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Feb 152017
 

Today we’ll fly to Bangkok and wrap up our adventure in Southern Thailand with the traditional feast of Northeastern food and entertainment — my tenth. It’s remarkable that after all these years I still can’t predict whether my purchases will fit in my bags and meet the weight limit. But then, it wouldn’t be travel without surprises.

Tuesday, February 14, 2017

With ambitions of picking up snacks at the morning market, a fellow traveler and I made our way downstairs, only to discover that another group member had already done all the legwork and brought the booty back to the Srisawara Casa’s dining room. You know it’s a foodie trip when we’re all thinking about early morning runs to the market. We supplemented these Thai specialties with some eggs and toast from the ABF (American breakfast) offerings, and finished packing for the airport. Our vans were (miraculously) on time and in good shape, and our flight was only briefly delayed.

After landing in Bangkok and resolving some confusion about where we were all meeting, we drove to Aw Taw Kaw market (also romanized as Or Tor Kor market) for lunch and a tour of favorite vendors. Sometimes compared with Whole Foods Market for the beauty of its produce displays and its high prices, it’s a clean, safe market that anyone could love (unlike many small town markets we’ve visited). The stewed duck noodle soup was delicious as usual, moo ping (pork on a stick) was amazing, and the sour sausage balls were quite good. The real standout was the “golden pillow” durian. On past trips, I was never converted to a durian lover but this special (expensive) grade was remarkably creamy, slightly sweet, and not too oniony. Sure, it smells like durian, but that can be forgiven under the right circumstances. The vendor gave us a box of tissues to clean our fingers before continuing down the aisles for sesame cashews, jackfruit chips and other dried fruits, dried shrimp, curry paste, Moringa seed oil, and GABA rice.

Eventually, our vans reached the Salil Hotel where we lugged our bags, purchases, and odds and ends to our rooms, and picked up any items we had left behind with the bellhop before heading South. Perhaps because it was Valentine’s day, there were foil wrapped hearts on my pillows. I set those aside and rushed to the local post office for a couple of size “E” boxes, which will provide some structure to a large fiberglas bag that will hold purchases and various clothing, and hopefully provide safe passage for glass bottles of fish sauce and delicate woven baskets.

Before long, we were assembling in the lobby for our final feast, in a more relaxed and festive mood than in recent days. The stresses of traveling in close quarters, meeting (or not meeting) morning deadlines, fighting ocean currents and eluding storms, the relentless pace, and loading in and out of vans, at times threatened to fracture the group. We survived! And now we’ll celebrate at Vientiane Kitchen, a large nearby restaurant with a stage for musicians and dancers, and one of the best fried pork legs in the business.

The first dishes to appear on our table were mild stir-fried chayote greens, and deep fried sour fish. Raw fish is made sour by packing it with steamed rice that is cooled and mixed with garlic and salt. This is set aside at room temperature for several days while the rice starts to ferment. (Like other forms of pickling, the salty environment favors “good bacteria.”) The rice is removed and the fish cooked in a fryer. If you have a taste for salty food, you might give it a try.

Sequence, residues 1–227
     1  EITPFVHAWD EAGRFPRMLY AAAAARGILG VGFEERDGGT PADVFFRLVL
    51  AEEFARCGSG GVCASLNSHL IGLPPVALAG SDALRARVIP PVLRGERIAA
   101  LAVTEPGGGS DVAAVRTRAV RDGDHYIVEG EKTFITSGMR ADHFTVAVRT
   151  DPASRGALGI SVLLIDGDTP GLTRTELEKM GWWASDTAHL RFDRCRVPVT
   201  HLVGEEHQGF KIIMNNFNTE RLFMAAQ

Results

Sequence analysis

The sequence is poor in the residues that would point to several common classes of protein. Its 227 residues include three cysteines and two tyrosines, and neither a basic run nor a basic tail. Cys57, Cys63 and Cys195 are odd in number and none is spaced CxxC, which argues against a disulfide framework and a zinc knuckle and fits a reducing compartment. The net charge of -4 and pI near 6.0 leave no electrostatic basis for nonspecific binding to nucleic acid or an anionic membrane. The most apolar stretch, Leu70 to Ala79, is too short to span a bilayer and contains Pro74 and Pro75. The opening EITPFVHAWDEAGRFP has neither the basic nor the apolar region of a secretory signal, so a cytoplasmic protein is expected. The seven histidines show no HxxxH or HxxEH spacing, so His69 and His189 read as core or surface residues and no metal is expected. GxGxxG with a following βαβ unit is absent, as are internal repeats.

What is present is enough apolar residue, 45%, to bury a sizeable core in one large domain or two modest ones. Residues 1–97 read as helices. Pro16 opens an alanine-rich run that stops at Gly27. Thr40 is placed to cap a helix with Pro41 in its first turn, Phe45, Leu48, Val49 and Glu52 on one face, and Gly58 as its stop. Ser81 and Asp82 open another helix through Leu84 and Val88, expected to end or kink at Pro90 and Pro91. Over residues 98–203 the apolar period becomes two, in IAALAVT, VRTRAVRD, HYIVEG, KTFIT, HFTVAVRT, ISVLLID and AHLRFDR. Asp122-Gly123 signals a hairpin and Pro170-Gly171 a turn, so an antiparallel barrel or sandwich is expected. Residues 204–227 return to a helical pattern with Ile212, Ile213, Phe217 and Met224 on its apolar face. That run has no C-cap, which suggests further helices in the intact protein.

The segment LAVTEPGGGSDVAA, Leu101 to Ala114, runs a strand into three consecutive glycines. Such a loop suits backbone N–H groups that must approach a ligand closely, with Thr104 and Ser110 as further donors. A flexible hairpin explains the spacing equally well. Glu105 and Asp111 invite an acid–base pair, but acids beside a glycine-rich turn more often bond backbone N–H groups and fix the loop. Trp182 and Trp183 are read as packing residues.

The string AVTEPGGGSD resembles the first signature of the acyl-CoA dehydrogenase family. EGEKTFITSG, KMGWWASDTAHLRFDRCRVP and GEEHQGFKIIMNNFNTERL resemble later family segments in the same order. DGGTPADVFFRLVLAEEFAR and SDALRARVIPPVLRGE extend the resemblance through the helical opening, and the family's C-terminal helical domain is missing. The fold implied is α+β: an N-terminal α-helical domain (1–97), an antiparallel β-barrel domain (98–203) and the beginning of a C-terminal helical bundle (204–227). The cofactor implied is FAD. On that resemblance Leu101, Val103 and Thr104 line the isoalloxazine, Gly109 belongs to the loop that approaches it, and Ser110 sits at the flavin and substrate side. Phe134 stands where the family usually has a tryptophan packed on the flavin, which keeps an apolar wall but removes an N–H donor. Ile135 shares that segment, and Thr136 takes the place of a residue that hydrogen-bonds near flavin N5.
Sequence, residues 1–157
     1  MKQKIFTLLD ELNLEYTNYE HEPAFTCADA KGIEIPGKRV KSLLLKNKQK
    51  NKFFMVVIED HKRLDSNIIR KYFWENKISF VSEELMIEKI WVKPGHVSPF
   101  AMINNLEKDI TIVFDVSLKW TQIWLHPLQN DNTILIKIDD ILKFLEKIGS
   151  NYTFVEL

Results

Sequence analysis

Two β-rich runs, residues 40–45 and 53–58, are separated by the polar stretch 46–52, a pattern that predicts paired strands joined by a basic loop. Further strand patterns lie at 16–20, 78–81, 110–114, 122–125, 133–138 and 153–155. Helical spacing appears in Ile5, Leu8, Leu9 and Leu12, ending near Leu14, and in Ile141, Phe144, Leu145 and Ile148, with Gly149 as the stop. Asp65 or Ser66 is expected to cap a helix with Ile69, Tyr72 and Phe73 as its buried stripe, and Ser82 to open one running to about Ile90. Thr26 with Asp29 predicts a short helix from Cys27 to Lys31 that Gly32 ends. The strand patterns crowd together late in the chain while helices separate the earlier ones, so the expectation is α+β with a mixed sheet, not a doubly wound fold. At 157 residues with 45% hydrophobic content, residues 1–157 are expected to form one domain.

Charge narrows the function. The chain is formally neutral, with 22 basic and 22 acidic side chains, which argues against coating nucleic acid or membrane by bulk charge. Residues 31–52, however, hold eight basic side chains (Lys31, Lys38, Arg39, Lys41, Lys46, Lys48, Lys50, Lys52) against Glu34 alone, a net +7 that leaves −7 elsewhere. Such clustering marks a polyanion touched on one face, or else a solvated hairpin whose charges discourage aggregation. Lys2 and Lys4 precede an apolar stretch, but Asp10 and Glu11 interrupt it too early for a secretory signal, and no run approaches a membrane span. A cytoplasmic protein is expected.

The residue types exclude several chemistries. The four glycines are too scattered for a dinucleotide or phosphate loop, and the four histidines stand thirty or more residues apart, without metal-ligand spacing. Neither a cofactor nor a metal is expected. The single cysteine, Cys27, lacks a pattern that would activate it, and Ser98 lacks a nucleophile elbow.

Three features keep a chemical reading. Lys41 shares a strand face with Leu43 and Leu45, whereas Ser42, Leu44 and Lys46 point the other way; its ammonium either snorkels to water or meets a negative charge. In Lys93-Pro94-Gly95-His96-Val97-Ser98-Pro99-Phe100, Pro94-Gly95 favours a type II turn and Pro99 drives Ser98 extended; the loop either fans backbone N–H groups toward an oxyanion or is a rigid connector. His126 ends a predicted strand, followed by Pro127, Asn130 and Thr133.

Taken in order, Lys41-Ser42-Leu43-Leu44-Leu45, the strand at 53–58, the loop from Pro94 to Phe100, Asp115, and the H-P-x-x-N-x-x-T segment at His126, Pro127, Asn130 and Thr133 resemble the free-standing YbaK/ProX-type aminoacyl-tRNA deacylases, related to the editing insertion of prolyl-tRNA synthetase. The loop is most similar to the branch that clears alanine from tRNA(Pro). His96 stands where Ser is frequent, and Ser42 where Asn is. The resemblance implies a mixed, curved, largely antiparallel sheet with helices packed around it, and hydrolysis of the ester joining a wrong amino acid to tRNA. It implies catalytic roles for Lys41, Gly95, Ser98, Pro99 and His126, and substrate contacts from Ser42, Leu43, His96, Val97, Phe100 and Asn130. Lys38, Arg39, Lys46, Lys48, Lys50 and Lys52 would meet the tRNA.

The portion of pork leg served by Vientiane Kitchen appears modest compared with the one served by Ban Suan Sudaporn in Trang, and some pieces are arguably over-fried, but the meat and fat are infused with a delicious smokiness that makes it a pleasure to (over)eat. Next up was a crispy rice salad with sour sausage, served with lettuce leaves for wrapping, and sprigs of basil, mint, and cilantro. It was a wonderful reminder of trips to Northern Thailand where this dish is more common. A coconut soup with chicken (Tom Kha Gai) was nicely creamy, and a salad of fried eggplant topped with shrimp was good as well. Finally, we got a large fried fish that had been butterflied to allow easy access to the meat, along with the traditional bits and pieces of miang plah, including tiny cubes of ginger and shallots, thin rings of lemongrass, peanuts, and toasted coconut shreds. These were to be combined in a wild pepper leaf with a sweet sauce. Despite valiant efforts, we couldn’t finish that one.

Meanwhile, the band was playing and the dancers were dancing. It soon was time for the audience participation segment, as I was unexpectedly called to the stage to sing Handyman with the lead singer of the band. It appears to have gone over okay. Then there was the bamboo dance, in which dancers step between long bamboo poles while they are apart, and then the poles are smacked together. The pace of the music gets faster and faster, so it’s not wise to have too much alcohol if you are going to try it. Our table appeared to be the largest party in the dining room, and we did have a couple takers, but there were several tables of Japanese men with Thai women, and they got into the action more than we did. While the party would go on without us, after desserts of ice cream or Thai favorites (I got the black sesame mochi in hot ginger tea), we were a bit groggy so we returned to the hotel where we handed tip envelopes to our drivers and said various goodbyes.

I’d be lying if I said I stayed up and organized all my stuff. Tomorrow morning I will be doing that, and trying to squeeze in a two hour Thai massage, all while not missing the checkout time by too much.

Wednesday, February 15, 2017